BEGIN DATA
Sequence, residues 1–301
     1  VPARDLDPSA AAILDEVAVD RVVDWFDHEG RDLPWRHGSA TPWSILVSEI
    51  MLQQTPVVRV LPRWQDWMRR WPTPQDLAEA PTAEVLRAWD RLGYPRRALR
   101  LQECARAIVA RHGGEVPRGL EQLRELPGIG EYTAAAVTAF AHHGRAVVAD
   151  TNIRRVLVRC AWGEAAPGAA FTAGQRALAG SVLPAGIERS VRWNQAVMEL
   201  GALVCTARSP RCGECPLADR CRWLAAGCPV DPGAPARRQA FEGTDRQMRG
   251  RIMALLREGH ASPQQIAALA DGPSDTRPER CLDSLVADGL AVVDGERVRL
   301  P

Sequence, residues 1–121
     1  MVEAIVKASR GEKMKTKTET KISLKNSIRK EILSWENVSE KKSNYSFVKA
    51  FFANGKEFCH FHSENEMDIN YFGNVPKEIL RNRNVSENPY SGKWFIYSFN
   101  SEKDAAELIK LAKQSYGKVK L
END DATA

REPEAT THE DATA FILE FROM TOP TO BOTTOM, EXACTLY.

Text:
Sequence, residues 1–301
     1  VPARDLDPSA AAILDEVAVD RVVDWFDHEG RDLPWRHGSA TPWSILVSEI
    51  MLQQTPVVRV LPRWQDWMRR WPTPQDLAEA PTAEVLRAWD RLGYPRRALR
   101  LQECARAIVA RHGGEVPRGL EQLRELPGIG EYTAAAVTAF AHHGRAVVAD
   151  TNIRRVLVRC AWGEAAPGAA FTAGQRALAG SVLPAGIERS VRWNQAVMEL
   201  GALVCTARSP RCGECPLADR CRWLAAGCPV DPGAPARRQA FEGTDRQMRG
   251  RIMALLREGH ASPQQIAALA DGPSDTRPER CLDSLVADGL AVVDGERVRL
   301  P

Sequence, residues 1–121
     1  MVEAIVKASR GEKMKTKTET KISLKNSIRK EILSWENVSE KKSNYSFVKA
    51  FFANGKEFCH FHSENEMDIN YFGNVPKEIL RNRNVSENPY SGKWFIYSFN
   101  SEKDAAELIK LAKQSYGKVK L